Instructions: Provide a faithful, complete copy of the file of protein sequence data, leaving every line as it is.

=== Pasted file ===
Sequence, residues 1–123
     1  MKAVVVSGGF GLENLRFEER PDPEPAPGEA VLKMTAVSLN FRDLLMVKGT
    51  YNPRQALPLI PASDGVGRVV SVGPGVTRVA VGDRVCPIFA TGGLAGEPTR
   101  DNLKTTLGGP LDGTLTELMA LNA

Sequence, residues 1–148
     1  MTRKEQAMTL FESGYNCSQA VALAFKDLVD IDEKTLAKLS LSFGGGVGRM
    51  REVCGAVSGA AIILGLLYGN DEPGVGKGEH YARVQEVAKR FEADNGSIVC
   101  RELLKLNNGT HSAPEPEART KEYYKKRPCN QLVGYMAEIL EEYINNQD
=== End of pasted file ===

Sequence, residues 1–123
     1  MKAVVVSGGF GLENLRFEER PDPEPAPGEA VLKMTAVSLN FRDLLMVKGT
    51  YNPRQALPLI PASDGVGRVV SVGPGVTRVA VGDRVCPIFA TGGLAGEPTR
   101  DNLKTTLGGP LDGTLTELMA LNA

Sequence, residues 1–148
     1  MTRKEQAMTL FESGYNCSQA VALAFKDLVD IDEKTLAKLS LSFGGGVGRM
    51  REVCGAVSGA AIILGLLYGN DEPGVGKGEH YARVQEVAKR FEADNGSIVC
   101  RELLKLNNGT HSAPEPEART KEYYKKRPCN QLVGYMAEIL EEYINNQD